INDIANAPOLIS — There are plenty of atrocities for fans to remember from the Green Bay Packers’ historic second-half collapse Sunday at Lucas Oil Stadium.

After all, it takes a total team effort to squander a 18-point halftime lead and suffer a 30-27 loss to a team — the Indianapolis Colts — that was 2-14 last season and experiencing a storm of emotions after learning Monday that their coach, Chuck Pagano, is being treated for leukemia.

Let’s see, there was quarterback Aaron Rodgers’ tipped-ball interception on the opening series that gave life to a Colts team that had looked emotionally drained in the first half. There were six consecutive scoreless possessions where the Packers managed five total first downs. There was the defensive meltdown that allowed rookie quarterback Andrew Luck and the Colts to put up 27 second-half points. There were the two missed field goals by Mason Crosby.

But if you really want to fret about a Packers team burdened with an unthinkable 2-3 record, then forget all about the second half. You see, it was the first half that showed definitively how far removed the Packers are from the team that steamrolled through the 2011 season with a 15-1 record.

Sure, the Packers took a seemingly insurmountable 21-3 halftime lead over the Colts. But it easily could have been 31-3 had the Packers taken advantage of every opportunity that came their way. And last year, that score might well have been 41-3 because the Packers’ aggressive, go-for-the-throat offense would have buried the Colts before they even hit the locker room at halftime.

“We’re not the same team as last year, obviously,” guard Josh Sitton said. “And we’ve got to figure out a way to win these games. We know it’s not easy to win in this league. That’s pretty obvious. When you’re up a few scores, we’ve got to close out the game.”

For whatever reason, the Packers not only can’t close out games this season, they’ve lost their killer instinct.

It could be personnel. Wide receiver Greg Jennings, a bona fide home run hitter, has been in and out of the lineup with a groin injury and didn’t play Sunday. Halfback Cedric Benson, whose running has energized the offense, and tight end Jermichael Finley missed all or most of the second half with injuries, leaving the offense seriously short-handed.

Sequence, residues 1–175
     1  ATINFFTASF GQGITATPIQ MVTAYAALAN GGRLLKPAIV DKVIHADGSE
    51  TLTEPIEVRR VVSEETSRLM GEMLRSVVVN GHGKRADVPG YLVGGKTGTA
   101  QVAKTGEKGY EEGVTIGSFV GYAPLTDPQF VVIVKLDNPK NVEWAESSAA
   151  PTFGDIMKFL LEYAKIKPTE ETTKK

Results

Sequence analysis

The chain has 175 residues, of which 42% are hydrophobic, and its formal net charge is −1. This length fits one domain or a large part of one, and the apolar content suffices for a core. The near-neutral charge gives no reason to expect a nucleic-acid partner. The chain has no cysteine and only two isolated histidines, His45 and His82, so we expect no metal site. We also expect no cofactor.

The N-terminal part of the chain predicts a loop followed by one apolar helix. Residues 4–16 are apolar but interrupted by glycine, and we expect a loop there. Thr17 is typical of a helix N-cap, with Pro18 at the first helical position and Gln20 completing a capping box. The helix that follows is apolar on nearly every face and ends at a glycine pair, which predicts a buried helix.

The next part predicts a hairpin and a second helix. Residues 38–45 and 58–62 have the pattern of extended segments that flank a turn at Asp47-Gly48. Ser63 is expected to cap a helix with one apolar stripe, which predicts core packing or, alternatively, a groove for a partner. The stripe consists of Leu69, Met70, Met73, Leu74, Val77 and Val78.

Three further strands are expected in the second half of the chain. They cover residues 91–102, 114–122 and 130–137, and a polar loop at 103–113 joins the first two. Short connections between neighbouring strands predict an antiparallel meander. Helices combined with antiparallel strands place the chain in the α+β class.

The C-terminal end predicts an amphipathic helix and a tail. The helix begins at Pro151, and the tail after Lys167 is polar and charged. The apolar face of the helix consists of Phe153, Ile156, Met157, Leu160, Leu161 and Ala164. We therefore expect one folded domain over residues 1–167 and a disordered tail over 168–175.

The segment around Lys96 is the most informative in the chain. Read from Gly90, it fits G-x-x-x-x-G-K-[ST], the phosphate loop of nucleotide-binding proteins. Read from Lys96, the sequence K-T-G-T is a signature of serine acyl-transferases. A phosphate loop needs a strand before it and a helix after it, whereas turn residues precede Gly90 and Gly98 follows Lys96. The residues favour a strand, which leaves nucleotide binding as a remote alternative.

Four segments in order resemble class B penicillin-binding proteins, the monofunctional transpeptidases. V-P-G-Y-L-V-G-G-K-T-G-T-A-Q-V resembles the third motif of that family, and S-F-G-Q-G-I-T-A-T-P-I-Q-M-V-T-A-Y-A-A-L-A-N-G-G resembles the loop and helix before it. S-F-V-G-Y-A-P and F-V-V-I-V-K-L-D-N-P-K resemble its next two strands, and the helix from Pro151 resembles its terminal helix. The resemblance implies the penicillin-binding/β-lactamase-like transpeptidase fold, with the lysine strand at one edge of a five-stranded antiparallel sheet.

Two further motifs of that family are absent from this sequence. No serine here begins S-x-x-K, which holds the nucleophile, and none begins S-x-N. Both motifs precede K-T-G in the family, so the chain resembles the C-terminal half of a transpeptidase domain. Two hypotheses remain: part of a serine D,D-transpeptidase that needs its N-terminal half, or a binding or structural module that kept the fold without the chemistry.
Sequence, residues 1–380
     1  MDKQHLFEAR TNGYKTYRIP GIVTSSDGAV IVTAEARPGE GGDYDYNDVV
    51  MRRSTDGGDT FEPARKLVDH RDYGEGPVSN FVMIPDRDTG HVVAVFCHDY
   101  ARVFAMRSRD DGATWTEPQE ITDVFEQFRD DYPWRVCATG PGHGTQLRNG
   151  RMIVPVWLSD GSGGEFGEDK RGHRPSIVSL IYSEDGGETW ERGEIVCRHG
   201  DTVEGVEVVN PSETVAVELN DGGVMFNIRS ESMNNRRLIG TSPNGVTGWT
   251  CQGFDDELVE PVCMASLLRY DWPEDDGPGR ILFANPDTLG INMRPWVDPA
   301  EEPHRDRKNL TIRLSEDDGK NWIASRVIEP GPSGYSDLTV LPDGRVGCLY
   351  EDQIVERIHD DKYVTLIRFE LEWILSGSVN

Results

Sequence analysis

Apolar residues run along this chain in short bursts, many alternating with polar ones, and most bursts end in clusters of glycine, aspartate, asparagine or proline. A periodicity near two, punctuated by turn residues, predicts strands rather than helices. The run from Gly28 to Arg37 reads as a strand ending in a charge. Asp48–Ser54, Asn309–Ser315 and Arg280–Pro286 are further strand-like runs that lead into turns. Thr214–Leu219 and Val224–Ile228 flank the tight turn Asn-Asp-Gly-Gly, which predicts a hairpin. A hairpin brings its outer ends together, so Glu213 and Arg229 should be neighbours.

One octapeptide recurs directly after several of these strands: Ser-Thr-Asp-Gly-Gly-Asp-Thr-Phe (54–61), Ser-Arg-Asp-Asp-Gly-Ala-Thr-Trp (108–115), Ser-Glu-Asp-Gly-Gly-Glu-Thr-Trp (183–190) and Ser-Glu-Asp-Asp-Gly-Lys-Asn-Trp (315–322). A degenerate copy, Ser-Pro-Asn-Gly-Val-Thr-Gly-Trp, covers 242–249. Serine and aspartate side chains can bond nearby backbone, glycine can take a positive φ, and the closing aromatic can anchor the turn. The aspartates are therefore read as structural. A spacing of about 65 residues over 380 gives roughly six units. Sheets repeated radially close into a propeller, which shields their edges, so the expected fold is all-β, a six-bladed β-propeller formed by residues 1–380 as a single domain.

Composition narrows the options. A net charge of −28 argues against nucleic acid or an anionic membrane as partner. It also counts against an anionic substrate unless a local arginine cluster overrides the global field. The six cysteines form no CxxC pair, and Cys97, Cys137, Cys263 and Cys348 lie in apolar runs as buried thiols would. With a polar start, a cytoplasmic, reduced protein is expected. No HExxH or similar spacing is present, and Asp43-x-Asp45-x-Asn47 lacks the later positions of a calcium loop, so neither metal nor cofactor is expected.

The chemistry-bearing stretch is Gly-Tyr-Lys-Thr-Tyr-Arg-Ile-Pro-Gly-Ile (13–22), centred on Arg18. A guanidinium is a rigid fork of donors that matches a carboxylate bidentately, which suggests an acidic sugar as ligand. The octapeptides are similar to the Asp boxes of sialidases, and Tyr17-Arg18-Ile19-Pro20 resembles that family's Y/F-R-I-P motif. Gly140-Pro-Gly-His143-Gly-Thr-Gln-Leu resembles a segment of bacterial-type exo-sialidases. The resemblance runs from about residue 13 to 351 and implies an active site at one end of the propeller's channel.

It could be that opponents are playing the Packers differently and Green Bay hasn’t yet adjusted. With Jennings sidelined or playing from the slot, defenses are keeping their safeties deep, playing aggressively on wide receiver Jordy Nelson and preventing the Packers from hitting the deep passes that turned so many of last year’s games into routs.

Or it could be the Packers themselves. They simply haven’t had the laser-like focus and silky smooth rhythm on offense that characterized last season.

Sunday’s loss was Exhibit A. The Packers had the Colts on the ropes and wouldn’t — or couldn’t — take them out.

“Last year, we knocked teams out offensively; we didn’t defensively,” cornerback Charles Woodson said. “We were up (Sunday). Forget about what the offense did. We didn’t keep them out of the end zone and they went down and scored points, scored touchdowns. That’s on our heads.”

Certainly, no one will argue Woodson’s point that the Packers defense needs to improve. But this is first and foremost an offensive team. Coach Mike McCarthy’s offense has been so good it has masked defensive deficiencies for years.

Sunday, that wasn’t the case. Although the Packers scored 20 first-half points, they left many more out on the field.

On the opening series, Nelson got behind the defense and would have had a 67-yard touchdown had not Rodgers overthrown him. A dropped pass by wide receiver Donald Driver stymied one drive and consecutive drops by Nelson and Finley short-circuited a promising 2-minute drive. Even the defense chipped in. Linebacker Nick Perry forced a Luck fumble, but he was correctly penalized for using the crown of his helmet and the Colts retained possession.

With the exception of Finley dropping passes, none of those things occurred with any regularity last year.

“We’re not playing with clarity,” McCarthy said. “We’re not taking advantage of clean plays. When you have a clean play, you expect execution and productivity and we didn’t get it done.”

It was the largest halftime lead the Packers have blown since 1957, when they held a 24-3 advantage over the Los Angeles Rams before falling 31-27. To explain it, some will point to factors such as injuries, abandoning the run, bad calls by the officials and the great emotion the Colts played with for their hospitalized coach in the second half.

But a routine performance by the Packers offense would have taken every one of those factors out of play by halftime. Just like it did last season.